The 5 Water Safety Tips That Will Help Your Kid's Summer Stay FUN

Jeanne Sager | May 19, 2012 Big Kid

toddler at the beach

I used to love summer. Hot sun. Barbecues. Fresh-cut grass. And then I became a mother, and thus totally terrified of the water.

Go ahead. Call me neurotic. But when you consider the CDC says drowning is the leading cause of injury death among children 1 to 4 years old, the closer we get to summer, the more panicked I get about all those pool parties and river outing invites. So when I found out May is National Water Safety Month, I knew I had two choices.

I could rejoice in the fact that I'm not the only neurotic mom out there -- it's a national THING. Or I could do something about it. Lucky for you, I went for number two. I decided to help all those neurotic moms out there actually feel good about their kids and water this month.

Behold! I talked to some real life water safety experts about what the heck it is we always do wrong ... and how to actually get the kids water-ready! Go get the sunscreen, it's time to actually have a decent summer! Oh wait, but read the tips first ... there are a few that might surprise you.

What terrifies you most during the summer months with your kids?

 

Image via anathea/Flickr

  • Lifeguards Aren't Babysitters

    1

    Just because there is a lifeguard on duty doesn't mean you can opt out on watching your child in the water. A lifeguard is charged with maintaining safety for everyone in the water, but they're just one person (or two at some pools).

    If you're in the water with your child, or at least at the edge watching, you: A. don't have to wait for a lifeguard to get to your child if there's trouble and B. free up the lifeguard to dive in when someone else is in trouble.

  • Don't Confuse Wearing Swimmies With Knowing How to Swim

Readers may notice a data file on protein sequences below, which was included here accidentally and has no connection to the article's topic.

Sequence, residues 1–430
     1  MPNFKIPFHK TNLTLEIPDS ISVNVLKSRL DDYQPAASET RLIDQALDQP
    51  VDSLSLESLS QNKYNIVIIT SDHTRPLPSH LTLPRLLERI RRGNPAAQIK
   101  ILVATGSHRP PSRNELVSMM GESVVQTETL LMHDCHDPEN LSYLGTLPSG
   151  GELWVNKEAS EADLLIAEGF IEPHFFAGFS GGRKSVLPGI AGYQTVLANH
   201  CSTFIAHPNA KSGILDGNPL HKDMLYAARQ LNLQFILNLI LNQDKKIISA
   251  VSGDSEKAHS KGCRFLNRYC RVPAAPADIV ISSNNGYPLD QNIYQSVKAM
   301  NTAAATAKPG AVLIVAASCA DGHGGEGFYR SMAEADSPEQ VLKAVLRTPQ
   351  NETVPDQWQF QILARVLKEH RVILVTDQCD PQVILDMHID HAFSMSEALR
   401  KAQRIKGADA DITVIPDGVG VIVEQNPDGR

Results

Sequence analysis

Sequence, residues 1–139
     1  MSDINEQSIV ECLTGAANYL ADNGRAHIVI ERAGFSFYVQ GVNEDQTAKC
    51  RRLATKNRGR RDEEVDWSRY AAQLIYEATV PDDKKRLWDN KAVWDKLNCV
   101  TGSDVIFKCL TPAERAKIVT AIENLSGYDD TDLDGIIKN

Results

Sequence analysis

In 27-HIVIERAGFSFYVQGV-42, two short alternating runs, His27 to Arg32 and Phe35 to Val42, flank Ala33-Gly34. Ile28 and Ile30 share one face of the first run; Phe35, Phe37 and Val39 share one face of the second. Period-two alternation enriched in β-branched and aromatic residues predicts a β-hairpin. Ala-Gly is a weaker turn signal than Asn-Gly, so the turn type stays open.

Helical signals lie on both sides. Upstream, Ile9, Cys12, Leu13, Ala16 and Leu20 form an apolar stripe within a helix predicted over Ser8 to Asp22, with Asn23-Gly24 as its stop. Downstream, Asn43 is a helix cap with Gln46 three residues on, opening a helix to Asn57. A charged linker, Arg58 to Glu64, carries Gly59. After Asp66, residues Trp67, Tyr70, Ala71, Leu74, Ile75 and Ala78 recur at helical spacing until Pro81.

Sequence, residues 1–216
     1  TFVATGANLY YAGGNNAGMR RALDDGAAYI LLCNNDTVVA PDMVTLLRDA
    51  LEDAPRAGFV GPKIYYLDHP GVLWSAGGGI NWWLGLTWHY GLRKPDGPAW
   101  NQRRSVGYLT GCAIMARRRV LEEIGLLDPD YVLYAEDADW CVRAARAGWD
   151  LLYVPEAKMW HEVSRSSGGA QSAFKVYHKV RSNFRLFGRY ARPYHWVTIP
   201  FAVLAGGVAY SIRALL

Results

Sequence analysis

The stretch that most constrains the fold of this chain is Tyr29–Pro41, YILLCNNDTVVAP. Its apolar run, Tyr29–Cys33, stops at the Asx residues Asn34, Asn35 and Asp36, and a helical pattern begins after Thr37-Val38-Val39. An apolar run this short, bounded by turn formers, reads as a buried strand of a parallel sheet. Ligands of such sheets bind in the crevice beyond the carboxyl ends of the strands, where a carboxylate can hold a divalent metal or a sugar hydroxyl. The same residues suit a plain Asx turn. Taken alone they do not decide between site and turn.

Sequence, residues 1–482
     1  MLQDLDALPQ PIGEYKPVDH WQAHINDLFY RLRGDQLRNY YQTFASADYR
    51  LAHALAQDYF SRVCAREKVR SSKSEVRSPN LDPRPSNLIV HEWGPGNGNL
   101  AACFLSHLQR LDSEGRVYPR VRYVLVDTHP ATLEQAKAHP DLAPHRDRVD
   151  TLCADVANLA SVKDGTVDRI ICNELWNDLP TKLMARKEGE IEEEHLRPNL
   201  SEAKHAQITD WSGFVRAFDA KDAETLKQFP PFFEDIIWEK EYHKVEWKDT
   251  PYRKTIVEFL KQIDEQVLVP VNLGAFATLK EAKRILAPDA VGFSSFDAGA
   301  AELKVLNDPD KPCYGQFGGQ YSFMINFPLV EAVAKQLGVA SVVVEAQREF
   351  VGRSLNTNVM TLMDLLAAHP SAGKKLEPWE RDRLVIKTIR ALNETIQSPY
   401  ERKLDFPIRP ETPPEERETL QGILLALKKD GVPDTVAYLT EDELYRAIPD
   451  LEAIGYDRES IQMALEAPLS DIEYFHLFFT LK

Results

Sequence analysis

2

    The introduction of swimmies, or floaties, as some people call them, has given a lot of children more confidence in the water. The problem says long-time certified lifeguard and swim instructor Megan Reichmann, is parents assume that means their kids are now "safe" in the water.

    Reichmann says 9 times out of 10 kids with swimmies on their arms would end up in the deep end of the pool and start screaming because they didn't actually have the ability to use their legs and kick their way back to the shallow end. Swimmies are not a replacement for a life preserver, she says, or more importantly, for having an adult right there to watch a child.

  • Designate a Water Watcher

    3

    I really dig this idea from the folks at the National Drowning Prevention Alliance. Instead of every parent standing at a party watching their kids and skipping out on the fun, they suggest designating a "Water Watcher" parent (or other adult of course) who specifically keeps an eye on the kids. It's like the designated driver concept -- it allows other people to have fun while keeping everyone safe.

  • Swim Early, Swim Often

    4

    The earlier a kid gets acclimated to the water, the more often they get to practice, the BETTER they get at swimming, says certified Lifeguard Megan Reichmann. The American Red Cross recommends you start with a child as young as 6 months old, and offers swimming instruction from that age up. Check out the ARC in your area for a class sign-up, or investigate the local community center, YMCA, or gym to see what options are out there.

    Be aware that knowing how to swim DOES NOT mean a child can be left alone, but it is a way to arm them against danger.

  • Get Close. REALLY Close

    5

    It doesn't matter if your kid can swim. If they're 4 or under, the National Drowning Prevention Association says you should be no less than an arm's length away. In other words? Get IN the water. 

    And since you're there? Make it FUN says Water Safety Instructor Tracey Lee!

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